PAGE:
Sunday, November 23, 2008

David Walker in Fortune Magazine

It appears I.O.U.S.A. [Aug 7: I.O.U.S.A. Movie Trailer] was not quite the hit that Quantum of Solace was - shocking, indeed. Warren Buffet just does not fill seats the way Al Gore does...

As we look into the deep future [Nov 12: CNBC Europe: USA May Lose its AAA Rating] errr... as we look to address emergencies around us in the immediate now while kicking the can down the pebble road on our long term issues - there is one man who has been sounding the alarm bell for a decade now. However, since he has not appeared in Ocean's Eleven he is not getting much play except for people in my type of circles. But Mr Walker wrote a nice piece in last week's Fortune Magazine so we'll keep touting this until the day the healthcare entitlements of the country swallow up say 1 out of every 2 dollars of GDP - then as usual we'll begin to "address it" - reactive, not proactive - that's us! Sure it will cost 20x what it would to address it now, but we only deal in the here and now. Keep in mind, while this has none of the attention I think it will actually be a more destructive force than what we are going through now if left unchecked - which is saying a lot considering the damage we're taking today.
  • Staring into the abyss always focuses the mind, which can help you avoid falling in. So let's take a look at the potential catastrophe that awaits us once we survive our current crisis.
  • At the dawn of the 21st century the U.S. had $5.7 trillion in total debt. As we approach the end of George W. Bush's presidency only eight years later, that sum has nearly doubled, thanks to war costs, tax cuts, spending increases, expanded entitlement programs, and now a welter of government bailouts and rescues.
  • Yet any such calculations are penny ante compared with the fiscal disaster that is bearing down on America. It's no longer an event in the misty future. The entitlements due from Social Security and Medicare present us with that frightening abyss. The costs of these current programs, along with other health-care costs, could bankrupt our country. The abyss offers no assets, troubled or otherwise, to help us cross it.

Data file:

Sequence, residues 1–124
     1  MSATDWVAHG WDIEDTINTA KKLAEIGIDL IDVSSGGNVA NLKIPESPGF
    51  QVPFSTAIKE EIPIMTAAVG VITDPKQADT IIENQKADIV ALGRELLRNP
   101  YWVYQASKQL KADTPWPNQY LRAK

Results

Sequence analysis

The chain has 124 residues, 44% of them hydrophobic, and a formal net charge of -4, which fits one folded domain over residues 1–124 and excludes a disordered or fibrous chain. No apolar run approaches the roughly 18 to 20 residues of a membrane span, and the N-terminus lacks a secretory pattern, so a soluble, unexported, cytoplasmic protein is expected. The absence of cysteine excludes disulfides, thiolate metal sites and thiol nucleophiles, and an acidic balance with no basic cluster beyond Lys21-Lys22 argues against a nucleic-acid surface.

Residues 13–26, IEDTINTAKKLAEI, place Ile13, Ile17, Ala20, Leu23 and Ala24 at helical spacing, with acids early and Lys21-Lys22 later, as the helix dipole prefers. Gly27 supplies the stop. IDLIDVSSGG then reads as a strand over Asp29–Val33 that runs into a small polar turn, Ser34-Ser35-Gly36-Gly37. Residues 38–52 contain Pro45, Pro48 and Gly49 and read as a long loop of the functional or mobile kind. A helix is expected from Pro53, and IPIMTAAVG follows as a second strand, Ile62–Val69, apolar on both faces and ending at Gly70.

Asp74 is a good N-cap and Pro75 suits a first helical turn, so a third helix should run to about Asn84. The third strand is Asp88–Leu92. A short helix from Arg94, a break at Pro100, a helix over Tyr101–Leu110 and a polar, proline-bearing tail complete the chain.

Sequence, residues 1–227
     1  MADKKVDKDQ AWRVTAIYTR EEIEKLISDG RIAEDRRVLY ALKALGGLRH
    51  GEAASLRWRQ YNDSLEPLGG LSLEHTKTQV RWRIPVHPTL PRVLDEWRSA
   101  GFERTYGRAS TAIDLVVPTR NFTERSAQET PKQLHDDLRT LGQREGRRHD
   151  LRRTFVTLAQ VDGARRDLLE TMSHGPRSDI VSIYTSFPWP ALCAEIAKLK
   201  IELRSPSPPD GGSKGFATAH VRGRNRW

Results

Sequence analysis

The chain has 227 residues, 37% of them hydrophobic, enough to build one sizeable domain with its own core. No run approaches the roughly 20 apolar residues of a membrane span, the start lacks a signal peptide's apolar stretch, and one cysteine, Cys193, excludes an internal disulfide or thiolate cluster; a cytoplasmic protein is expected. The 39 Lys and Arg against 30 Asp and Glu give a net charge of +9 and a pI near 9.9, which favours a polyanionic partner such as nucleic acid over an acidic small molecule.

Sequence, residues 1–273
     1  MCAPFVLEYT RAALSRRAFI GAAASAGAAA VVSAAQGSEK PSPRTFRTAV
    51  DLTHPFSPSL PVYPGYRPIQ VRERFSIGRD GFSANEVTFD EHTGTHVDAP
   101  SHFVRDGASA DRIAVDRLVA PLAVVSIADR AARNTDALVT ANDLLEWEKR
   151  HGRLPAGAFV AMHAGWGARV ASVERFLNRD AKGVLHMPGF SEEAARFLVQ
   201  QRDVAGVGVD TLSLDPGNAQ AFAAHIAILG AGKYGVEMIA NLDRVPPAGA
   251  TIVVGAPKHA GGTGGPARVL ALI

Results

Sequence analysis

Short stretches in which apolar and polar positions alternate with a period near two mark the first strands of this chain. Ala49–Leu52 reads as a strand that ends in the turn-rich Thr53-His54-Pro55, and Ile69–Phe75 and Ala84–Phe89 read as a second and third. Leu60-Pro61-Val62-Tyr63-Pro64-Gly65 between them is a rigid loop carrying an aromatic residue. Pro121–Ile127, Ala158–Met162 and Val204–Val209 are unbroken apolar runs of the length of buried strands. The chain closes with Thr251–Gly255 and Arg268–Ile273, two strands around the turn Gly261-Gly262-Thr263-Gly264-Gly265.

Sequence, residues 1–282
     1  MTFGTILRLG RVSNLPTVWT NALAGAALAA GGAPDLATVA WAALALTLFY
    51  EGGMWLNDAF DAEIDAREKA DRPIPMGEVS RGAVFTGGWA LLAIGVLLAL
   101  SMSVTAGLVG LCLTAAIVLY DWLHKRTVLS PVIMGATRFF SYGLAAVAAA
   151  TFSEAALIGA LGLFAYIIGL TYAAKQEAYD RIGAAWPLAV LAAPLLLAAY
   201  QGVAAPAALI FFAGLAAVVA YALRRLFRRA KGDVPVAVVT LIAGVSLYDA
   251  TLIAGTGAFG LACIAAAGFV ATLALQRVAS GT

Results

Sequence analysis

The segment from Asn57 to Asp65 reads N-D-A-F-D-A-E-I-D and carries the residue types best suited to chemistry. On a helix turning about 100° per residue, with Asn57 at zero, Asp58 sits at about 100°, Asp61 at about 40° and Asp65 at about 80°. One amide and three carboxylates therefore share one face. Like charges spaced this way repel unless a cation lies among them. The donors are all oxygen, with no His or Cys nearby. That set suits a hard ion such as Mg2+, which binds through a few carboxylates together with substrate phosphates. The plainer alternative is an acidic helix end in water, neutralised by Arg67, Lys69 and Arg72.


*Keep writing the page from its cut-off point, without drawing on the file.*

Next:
• Yes, some have suggested less-than-revolutionary measures that could help. Among them: budget savings that would accrue from repealing the Bush-era tax cuts, ending the Iraq war, or expanding the economy after the current downturn runs its course. But even if the economy were to grow at the level of 3.2% a year, as it did in the 1990s, and these other savings were achieved, they wouldn't come close to addressing our federal financial problem.
  • The costs of these programs start to threaten our solvency in the next several years. The only way to get across the chasm is to begin making tough choices now to change our current course. Delay will make the problem worse. (but delay we will...until the couch we are sitting on is burning we won't touch it )
  • In fact, the deteriorating financial condition of our federal government in the face of skyrocketing health-care costs and the baby-boom retirement could fairly be described as a super-subprime crisis. It would certainly dwarf what we're seeing now.
Now for the fun part - facts and figures
  • The U.S. Government Accountability Office (GAO), noting that the federal balance sheet does not reflect the government's huge unfunded promises in our nation's social-insurance programs...(fact)
  • ....estimated last year that the unfunded obligations for Medicare and Social Security alone totaled almost $41 trillion. That sum, equivalent to $352,000 per U.S. household, is the present-value shortfall between the growing cost of entitlements and the dedicated revenues intended to pay for them over the next 75 years. (figures)
So how did we get here?
  • Besides its gigantic scale, there are very disturbing similarities between the current mortgage-related crisis and our next potential disaster.
  • First, like the securitized investment vehicles that blew up, federal programs were launched without adequately thinking through who would bear the ultimate cost and related risk (shocker) Just as originators of mortgages let themselves off the hook by unloading packages of dubious loans onto others, lawmakers have increased spending, expanded entitlement programs, and cut taxes while expecting future generations to pay the bill. (every decision in America is now made on a political re-election timetable - how many goodies can I give away in 2 to 6 years - I'll be long retired before someone actually has to pay for my decisions)